BERNIE WHELAN: Much of the focus of debate about the Government’s Marine and Coastal Area (Takutai Moana) Bill has been on Maori potentially denying access. Reporter Yvonne Tahana and photographer Richard Robinson from the New Zealand Herald, and Campbell Live’s Tristram Clayton test the waters and find out it is mainly non-Maori property owners standing between Kiwis and their beaches. READY MORE>>, WATCH>>
Posted in BROADCASTING, Discussion, Government/Politics, JOURNALISM, Journalists, Taha Maori, TV
Tagged and Coastal Area (Takutai Moana) Bill, beaches, Campbell Live, maori, Marine and Coastal Area (Takutai Moana) Bill, New Zealand Herald, non-Maori, NZ herald, Tristram Clayton, Yvonne Tahana
WIKILEAKS’ latest leaks are searchable online at The Guardian in an impressive interactive infographic/database. The Guardian also has a terrific lead story on the diplomatic cables release here.
Blogger No Right Turn has just tweeted that 1490 diplomatic cables in the document dump originate from Wellington. This is another big moment in journalism, with The Guardian again apparently leading the way.
VIRGINIA McMILLAN: With non-subscribers prevented from reading The Times on the web, changes are being forced on the content, argues Clay Shirky, author and teacher.
Links to Times stories are rarely forwarded by colleagues or friends or linked to from Facebook or Twitter, says Shirky, adjunct professor in New York University’s graduate Interactive Telecommunications Program.
On his self-titled blog, he argues the paywall has created “newsletter economics”, and offers some analysis of the readership data. Shirky sees the Times becoming “the online newsletter of the Tories, the UK’s conservative political party, read much less widely than its paper counterpart”.
If you are going to produce news that can’t be shared outside a particular community, you will want to recruit and retain a community that doesn’t care whether any given piece of news spreads, which means tightly interconnected readerships become the ideal ones. However, tight interconnectedness correlates inversely with audience size, making for a stark choice, rather than offering a way of preserving the status quo.
Posted in Advertising, Audiences, Blogs, Discussion, JOURNALISM, MEDIA INDUSTRY, NEW MEDIA, Newspapers, Paywalls, State of the media, Twitter
Tagged Clay Shirky, Facebook, New York University, paywalls, The Times, Tories, Twitter, United Kingdom
VIRGINIA McMILLAN: People are wired to accept mathematical deception, according to a New York mathematician who’s also a journalism professor.
The tendency of academics, politicians and pundits to generate numerical falsehoods from data is cleverly explored in the new book Proofiness: The Dark Arts of Mathematical Deception, by Charles Seife, The New York Times reports.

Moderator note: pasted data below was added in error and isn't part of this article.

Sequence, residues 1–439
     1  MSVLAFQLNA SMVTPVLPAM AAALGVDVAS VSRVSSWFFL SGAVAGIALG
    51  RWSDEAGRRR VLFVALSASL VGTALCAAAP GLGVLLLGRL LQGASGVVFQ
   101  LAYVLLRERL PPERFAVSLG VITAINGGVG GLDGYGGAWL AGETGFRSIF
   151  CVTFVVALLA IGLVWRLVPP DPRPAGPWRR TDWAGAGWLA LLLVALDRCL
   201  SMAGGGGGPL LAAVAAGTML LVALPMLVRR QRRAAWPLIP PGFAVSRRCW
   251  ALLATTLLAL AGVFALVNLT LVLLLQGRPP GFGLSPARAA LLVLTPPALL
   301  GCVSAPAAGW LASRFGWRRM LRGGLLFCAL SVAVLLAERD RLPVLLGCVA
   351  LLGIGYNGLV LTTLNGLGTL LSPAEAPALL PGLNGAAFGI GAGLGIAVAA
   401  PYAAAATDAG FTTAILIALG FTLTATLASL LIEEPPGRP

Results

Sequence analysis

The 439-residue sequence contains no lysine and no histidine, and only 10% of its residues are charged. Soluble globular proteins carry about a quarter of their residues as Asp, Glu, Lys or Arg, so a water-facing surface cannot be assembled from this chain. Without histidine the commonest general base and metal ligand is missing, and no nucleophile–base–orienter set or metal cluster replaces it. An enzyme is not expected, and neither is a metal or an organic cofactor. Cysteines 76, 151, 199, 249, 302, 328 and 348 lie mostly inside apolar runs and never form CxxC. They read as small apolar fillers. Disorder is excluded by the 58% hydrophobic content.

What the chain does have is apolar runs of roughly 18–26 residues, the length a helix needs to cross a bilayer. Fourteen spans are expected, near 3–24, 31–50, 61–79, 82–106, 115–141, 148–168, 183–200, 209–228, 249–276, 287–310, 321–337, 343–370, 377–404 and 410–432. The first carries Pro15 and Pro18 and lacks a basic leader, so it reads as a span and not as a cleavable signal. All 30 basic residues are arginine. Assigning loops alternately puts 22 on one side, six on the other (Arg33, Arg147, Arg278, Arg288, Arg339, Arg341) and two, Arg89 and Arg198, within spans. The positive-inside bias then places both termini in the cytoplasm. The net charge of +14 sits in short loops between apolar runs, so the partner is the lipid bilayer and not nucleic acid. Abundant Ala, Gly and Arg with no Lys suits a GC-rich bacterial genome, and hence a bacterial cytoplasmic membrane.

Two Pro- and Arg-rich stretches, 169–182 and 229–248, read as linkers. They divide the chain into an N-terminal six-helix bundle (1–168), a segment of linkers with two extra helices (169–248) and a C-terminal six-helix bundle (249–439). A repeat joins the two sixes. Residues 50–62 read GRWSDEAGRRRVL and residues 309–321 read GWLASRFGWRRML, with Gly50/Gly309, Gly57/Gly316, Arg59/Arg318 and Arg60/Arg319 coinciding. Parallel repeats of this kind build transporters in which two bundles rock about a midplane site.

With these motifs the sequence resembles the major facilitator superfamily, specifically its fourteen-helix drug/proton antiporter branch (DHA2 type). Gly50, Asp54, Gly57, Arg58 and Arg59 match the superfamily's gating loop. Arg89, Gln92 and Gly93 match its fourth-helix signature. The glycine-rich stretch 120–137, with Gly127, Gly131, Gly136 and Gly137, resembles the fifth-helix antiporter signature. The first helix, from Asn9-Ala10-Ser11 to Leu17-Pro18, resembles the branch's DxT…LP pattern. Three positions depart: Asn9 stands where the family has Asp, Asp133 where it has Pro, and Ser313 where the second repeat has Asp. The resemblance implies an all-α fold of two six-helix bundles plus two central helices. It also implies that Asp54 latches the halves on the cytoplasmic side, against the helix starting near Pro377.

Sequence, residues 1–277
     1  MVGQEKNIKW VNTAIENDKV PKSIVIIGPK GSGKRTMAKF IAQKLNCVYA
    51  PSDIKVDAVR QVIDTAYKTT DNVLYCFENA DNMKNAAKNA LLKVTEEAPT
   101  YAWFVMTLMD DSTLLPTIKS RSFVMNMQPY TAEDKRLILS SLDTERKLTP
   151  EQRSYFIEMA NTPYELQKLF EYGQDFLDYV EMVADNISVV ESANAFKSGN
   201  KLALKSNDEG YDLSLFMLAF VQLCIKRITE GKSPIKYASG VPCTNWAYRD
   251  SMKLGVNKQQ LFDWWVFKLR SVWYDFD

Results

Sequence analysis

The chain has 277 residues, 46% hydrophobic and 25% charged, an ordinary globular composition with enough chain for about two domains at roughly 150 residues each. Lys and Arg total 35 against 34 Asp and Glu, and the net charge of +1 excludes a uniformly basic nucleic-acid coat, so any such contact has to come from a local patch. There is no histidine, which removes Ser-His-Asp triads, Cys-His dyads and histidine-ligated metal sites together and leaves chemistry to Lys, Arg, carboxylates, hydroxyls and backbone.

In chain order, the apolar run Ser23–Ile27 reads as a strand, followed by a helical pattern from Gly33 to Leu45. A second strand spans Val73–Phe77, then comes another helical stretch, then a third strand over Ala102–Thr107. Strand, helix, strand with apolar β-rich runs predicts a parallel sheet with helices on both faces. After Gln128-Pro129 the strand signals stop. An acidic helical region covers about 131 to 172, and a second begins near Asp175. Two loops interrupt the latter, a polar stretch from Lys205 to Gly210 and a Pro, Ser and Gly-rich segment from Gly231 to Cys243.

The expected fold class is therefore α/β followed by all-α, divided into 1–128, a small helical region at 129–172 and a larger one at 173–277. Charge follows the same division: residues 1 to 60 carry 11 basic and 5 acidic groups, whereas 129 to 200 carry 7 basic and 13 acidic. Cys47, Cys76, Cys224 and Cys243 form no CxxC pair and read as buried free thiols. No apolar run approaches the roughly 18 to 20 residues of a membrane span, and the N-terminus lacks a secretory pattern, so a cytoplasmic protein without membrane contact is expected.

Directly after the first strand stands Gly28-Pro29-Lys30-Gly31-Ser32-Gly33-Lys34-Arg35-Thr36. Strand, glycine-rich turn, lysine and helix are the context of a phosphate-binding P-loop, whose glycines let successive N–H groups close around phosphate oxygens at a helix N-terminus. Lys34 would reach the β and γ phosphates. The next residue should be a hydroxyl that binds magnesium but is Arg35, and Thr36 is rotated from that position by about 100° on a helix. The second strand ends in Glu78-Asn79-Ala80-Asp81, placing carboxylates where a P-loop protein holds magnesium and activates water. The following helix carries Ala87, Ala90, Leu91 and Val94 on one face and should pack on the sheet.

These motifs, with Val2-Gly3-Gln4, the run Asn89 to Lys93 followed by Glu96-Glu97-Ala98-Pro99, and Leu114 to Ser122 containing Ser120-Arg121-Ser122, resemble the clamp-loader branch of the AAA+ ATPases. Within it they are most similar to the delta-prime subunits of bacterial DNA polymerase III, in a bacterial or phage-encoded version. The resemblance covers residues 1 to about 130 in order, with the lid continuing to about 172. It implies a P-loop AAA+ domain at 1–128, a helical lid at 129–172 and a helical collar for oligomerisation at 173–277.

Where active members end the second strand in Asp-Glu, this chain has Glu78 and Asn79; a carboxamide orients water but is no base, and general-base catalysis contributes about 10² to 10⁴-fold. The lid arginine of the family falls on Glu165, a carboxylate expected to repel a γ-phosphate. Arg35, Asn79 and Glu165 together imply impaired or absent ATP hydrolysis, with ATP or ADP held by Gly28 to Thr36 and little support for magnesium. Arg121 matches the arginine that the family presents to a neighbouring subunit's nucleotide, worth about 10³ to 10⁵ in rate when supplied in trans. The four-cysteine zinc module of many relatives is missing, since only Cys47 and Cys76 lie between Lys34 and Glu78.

We are routinely bamboozled by phony data, bogus statistics and bad math, he says.
A good example is in economics. If you think elections are affected by the inflation rate and G.D.P. and the unemployment rate, you turn all of these things into a regression model, and you come up with a formula that predicts the president based on these variables. The problem is that if your initial assumptions don’t have a basis in reality, then it’s going to come up with an answer that makes it look like there’s a connection when in fact there isn’t.
Posted in Discussion, JOURNALISM, Journalism education, Journalists, LEARNING RESOURCES, RESEARCH
Tagged Charles Seife, data, economics, GDP, numeracy, proofiness, Proofiness: The Dark Arts of Mathematical Deception, statistics, The New York Times
VIRGINIA McMILLAN: A day after the New Zealand Government announced ministers had signed off proposals for new name suppression law, NewstalkZB was reporting here a blogger had revealed the identity of a man arrested in an alleged electoral scam.
Meanwhile, Radio New Zealand has an article here
quoting critics of the proposals to make suppression harder to obtain.
NewstalkZB is also citing concerns
of internet entrepreneur Lance Wiggs that websites will still be able to host supressed information offshore.
Posted in Blogs, Court reporting, Discussion, Ethics, Government/Politics, JOURNALISM, MEDIA FREEDOM, Media law
Tagged government, Lance Wiggs, name suppression, NewstalkZB, Radio New Zealand
Whitireia journalism student HANNA BUTLER alerts us to a chilling new practice emerging among media companies.
As reported by Megan Tady, a legal firm is targeting bloggers on behalf of publishers suing them for sharing entire articles, linking to an attributed article, or even hosting a forum where readers include links to articles in comment sections. The moves are revealed in the nonprofit and independent newsmagazine In These Times.
(See Megan’s article: Copyright Enragement — In These Times.)
STEVEN PRICE: 70 pages! It took Judge David Harvey that long to establish that Whale Oil (a) had a case to answer for breaching a range of name suppression orders and (b) was guilty. READ MORE>
Posted in Media law
Tagged Cameron Slater, JOURNALISM, Judge David Harvey, Media Law Journal, name suppression, newswire, Steven Price, suppression, Whale Oil, whitireia journalism school, wireblog
VIRGINIA McMILLAN: The Guardian has led recent reporting on phone-hacking allegations against fellow British newspaper News of the World.
Nick Davies, critic of journalism practice in the book Flat Earth News
, has a string of investigative and news stories on the phone-hacking scandal here
Davies also unearths some of the thousands of names
targeted by the News of the Worl
d’s private investigator.
Posted in Discussion, Ethics, Investigative, JOURNALISM, Journalists, Media law, Newspapers
Tagged cellphones, Flat Earth News, News of the World, Nick Davies, phone hacking, PI, private investigator, the Guardian